Regional banks face hit from new debt level requirements

Regional banks face hit from new debt level requirements

Martin Gruenberg, acting chairman of the Federal Deposit Insurance Corp. (FDIC), speaks during an Urban Institute panel discussion in Washington, D.C., on Friday, June 3, 2022.

Ting Shen | Bloomberg | Getty Images

U.S. regulators on Tuesday unveiled plans to force regional banks to issue debt and bolster their so-called living wills, steps meant to protect the public in the event of more failures.

American banks with at least $100 billion in assets would be subject to the new requirements, which makes them hold a layer of long-term debt to absorb losses in the event of a government seizure, according to a joint notice from the Treasury Department, Office of the Comptroller of the Currency, Federal Reserve and Federal Deposit Insurance Corp.

The steps are part of regulators’ response to the regional banking crisis that flared up in March, ultimately claiming three institutions and damaging the earnings power of many others. In July, the agencies released the first salvo of expected changes, a sweeping set of proposals meant to heighten capital requirements and standardize risk models for the industry.

In their latest proposal, impacted lenders will have to maintain long-term debt levels equal to 3.5% of average total assets or 6% of risk-weighted assets, whichever is higher, according to a fact sheet released Tuesday by the FDIC. Banks will be discouraged from holding the debt of other lenders to reduce contagion risk, the regulator said.

Higher funding costs

The requirements will create “moderately higher funding costs” for regional banks, the agencies acknowledged. That could add to the industry’s earnings pressure after all three major ratings agencies have downgraded the credit ratings of some lenders this year.

Still, the industry will have three years to conform to the new rule once enacted, and many banks already hold acceptable forms of debt, according to the regulators. They estimated that regional banks already have roughly 75% of the debt they will ultimately need to hold.

The KBW Regional Banking Index, which has suffered deep losses this year, rose less than 1%.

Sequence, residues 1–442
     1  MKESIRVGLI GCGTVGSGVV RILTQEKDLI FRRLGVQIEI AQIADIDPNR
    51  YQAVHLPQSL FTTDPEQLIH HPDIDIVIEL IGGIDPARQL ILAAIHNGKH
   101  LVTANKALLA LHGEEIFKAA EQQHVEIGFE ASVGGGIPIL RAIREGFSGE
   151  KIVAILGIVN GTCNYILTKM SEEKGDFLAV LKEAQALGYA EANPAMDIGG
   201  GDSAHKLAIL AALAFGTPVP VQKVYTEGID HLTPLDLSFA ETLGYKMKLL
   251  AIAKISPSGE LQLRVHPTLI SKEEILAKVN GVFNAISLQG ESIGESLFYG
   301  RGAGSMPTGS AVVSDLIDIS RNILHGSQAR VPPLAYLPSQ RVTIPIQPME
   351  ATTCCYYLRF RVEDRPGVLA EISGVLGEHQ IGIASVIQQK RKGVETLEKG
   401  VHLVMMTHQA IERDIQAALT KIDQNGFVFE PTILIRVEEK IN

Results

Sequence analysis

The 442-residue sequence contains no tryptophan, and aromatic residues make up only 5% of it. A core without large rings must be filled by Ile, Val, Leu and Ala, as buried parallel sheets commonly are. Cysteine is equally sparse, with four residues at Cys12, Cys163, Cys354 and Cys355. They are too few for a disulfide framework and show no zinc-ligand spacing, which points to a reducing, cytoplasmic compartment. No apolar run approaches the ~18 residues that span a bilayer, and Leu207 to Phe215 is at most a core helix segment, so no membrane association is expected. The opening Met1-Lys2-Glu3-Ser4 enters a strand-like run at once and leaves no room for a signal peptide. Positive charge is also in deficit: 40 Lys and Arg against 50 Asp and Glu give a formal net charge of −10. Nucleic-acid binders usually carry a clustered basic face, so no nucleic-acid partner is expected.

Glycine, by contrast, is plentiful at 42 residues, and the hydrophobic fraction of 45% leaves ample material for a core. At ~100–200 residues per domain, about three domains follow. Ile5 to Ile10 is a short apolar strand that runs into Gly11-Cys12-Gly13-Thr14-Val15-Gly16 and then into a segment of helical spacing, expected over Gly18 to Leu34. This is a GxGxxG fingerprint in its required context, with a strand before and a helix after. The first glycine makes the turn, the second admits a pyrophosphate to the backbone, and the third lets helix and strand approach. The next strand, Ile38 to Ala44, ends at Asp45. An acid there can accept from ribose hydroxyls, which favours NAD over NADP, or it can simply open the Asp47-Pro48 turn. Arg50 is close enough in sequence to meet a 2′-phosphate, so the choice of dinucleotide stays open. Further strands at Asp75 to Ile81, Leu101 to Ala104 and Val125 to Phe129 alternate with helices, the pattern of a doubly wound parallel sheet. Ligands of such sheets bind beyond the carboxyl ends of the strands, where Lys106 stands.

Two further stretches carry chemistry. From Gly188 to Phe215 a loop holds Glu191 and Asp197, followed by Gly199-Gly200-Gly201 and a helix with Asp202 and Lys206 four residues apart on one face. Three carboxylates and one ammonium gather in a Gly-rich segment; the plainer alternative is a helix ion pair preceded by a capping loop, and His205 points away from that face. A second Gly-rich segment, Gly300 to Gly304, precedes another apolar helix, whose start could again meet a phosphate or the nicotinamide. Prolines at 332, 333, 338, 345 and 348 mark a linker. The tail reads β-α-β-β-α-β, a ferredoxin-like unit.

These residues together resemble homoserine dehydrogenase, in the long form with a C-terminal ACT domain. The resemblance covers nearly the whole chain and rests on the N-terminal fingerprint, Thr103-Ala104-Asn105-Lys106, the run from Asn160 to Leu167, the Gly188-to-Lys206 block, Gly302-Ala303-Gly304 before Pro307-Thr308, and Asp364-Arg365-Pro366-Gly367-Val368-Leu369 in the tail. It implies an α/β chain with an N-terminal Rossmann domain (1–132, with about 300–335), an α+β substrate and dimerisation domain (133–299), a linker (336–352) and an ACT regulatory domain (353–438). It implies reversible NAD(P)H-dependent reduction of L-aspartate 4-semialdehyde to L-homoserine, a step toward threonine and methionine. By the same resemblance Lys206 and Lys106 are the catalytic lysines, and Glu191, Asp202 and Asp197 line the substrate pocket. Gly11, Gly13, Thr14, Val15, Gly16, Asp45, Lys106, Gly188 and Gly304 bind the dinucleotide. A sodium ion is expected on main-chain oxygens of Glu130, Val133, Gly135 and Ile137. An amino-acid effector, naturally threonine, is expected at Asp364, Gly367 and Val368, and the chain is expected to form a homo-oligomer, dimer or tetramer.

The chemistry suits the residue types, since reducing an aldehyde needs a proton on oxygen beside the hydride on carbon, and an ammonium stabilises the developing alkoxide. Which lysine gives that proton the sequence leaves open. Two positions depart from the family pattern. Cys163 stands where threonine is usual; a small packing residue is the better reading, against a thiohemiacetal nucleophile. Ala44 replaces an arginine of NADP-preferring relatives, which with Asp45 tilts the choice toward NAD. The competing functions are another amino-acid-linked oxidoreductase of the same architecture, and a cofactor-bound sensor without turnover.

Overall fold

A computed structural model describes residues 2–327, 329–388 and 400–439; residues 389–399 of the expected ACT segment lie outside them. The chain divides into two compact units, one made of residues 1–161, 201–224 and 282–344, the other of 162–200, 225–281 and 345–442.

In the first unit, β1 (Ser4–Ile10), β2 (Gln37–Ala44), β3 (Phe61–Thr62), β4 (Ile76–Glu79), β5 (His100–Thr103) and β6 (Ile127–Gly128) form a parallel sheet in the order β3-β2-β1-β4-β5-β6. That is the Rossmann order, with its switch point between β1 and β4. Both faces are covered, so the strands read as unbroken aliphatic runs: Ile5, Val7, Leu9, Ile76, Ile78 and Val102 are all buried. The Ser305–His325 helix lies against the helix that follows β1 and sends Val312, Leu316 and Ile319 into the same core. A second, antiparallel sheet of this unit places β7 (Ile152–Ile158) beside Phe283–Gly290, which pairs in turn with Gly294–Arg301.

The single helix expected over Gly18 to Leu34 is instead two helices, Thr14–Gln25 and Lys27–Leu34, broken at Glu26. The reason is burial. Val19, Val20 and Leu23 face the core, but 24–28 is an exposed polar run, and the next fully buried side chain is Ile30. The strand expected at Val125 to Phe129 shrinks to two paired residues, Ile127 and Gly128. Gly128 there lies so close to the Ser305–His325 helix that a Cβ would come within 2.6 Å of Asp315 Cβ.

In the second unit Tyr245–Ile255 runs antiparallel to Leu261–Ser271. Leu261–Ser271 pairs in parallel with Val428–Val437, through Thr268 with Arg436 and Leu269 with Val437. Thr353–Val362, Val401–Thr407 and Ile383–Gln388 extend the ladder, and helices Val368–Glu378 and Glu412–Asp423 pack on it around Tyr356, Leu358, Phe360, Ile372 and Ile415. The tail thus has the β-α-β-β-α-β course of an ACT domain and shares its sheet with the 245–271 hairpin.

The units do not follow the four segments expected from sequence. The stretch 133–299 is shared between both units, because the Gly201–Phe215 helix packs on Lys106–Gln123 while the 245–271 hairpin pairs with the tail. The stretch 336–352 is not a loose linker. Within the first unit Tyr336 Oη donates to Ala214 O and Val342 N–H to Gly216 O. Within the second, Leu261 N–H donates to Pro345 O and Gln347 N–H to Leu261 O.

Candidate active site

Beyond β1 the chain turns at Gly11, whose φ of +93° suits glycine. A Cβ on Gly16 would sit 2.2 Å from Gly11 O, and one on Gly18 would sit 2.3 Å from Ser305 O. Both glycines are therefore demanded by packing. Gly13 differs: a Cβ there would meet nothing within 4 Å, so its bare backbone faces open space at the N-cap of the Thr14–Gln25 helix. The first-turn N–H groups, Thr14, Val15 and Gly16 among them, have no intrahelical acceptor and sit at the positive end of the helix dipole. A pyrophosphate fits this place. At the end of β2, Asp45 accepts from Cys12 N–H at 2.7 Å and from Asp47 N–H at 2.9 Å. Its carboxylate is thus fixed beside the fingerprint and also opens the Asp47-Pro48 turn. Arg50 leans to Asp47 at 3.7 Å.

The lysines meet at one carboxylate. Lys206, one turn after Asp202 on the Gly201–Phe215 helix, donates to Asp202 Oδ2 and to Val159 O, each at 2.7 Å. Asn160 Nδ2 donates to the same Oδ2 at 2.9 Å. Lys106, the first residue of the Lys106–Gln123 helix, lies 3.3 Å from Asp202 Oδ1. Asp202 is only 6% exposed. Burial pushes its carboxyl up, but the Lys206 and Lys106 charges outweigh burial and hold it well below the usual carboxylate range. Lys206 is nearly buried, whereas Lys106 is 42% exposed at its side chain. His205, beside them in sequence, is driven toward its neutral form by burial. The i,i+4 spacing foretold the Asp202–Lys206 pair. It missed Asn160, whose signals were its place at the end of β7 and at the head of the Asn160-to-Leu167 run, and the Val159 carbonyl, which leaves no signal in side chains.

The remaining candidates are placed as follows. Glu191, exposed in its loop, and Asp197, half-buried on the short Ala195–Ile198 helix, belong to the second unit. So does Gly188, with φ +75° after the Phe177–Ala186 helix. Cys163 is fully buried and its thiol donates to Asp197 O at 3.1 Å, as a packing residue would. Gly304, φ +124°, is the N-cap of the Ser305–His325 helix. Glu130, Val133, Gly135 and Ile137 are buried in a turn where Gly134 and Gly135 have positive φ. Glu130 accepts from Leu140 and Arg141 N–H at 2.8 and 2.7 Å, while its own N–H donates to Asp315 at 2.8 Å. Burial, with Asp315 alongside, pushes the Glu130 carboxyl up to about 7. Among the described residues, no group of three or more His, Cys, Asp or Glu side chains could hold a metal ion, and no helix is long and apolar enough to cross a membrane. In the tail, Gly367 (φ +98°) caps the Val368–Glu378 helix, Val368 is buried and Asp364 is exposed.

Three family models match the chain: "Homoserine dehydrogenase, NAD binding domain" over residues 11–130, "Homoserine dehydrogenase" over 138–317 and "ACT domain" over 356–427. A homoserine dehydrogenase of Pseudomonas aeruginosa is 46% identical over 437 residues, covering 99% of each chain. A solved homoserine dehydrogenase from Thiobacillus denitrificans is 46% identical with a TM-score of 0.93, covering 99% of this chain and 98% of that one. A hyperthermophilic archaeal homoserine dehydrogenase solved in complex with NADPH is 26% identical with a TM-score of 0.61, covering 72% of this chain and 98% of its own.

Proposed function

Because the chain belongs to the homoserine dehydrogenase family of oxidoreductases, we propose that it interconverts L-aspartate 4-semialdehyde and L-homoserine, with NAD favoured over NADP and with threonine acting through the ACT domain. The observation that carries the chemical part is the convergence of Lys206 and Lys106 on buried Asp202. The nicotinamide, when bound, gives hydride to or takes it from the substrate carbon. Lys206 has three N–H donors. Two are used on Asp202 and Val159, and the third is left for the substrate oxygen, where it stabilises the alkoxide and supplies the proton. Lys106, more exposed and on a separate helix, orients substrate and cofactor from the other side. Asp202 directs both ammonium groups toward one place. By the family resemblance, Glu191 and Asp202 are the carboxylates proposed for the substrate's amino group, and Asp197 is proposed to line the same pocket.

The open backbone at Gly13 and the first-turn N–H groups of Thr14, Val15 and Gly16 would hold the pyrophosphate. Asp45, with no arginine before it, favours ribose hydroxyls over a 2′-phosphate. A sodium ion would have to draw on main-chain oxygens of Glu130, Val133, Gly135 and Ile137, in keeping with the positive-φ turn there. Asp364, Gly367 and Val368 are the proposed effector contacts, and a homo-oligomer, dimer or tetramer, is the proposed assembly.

Indeed, industry observers had expected these latest changes: FDIC Chairman Martin Gruenberg telegraphed his intentions earlier this month in a speech at the Brookings Institution.

Medium is the new big

Broadly, the proposal takes measures that apply to the biggest institutions — known in the industry as global systemically important banks, or GSIBs — down to the level of banks with at least $100 billion in assets. The moves were widely expected after the sudden collapse of Silicon Valley Bank in March jolted customers, regulators and executives, alerting them to emerging risks in the banking system.

That includes steps to raise levels of long-term debt held by banks, removing a loophole that allowed midsized banks to avoid the recognition of declines in bond holdings, and forcing banks to come up with more robust living wills, or resolution plans that would take effect in the event of a failure, Gruenberg said this month.

Regulators would also look at updating their own guidance on monitoring risks including high levels of uninsured deposits, as well as changes to deposit insurance pricing to discourage risky behavior, Gruenberg said in the Aug. 14 speech. The three banks seized by authorities this year all had relatively large amounts of uninsured deposits, which were a key factor in their failures.

What’s next for regionals?

Bank groups complain

FDIC to unveil tougher set of guidelines for regional banks

Correction: FDIC Chairman Martin Gruenberg gave a speech in August at the Brookings Institution. An earlier version misstated the month.

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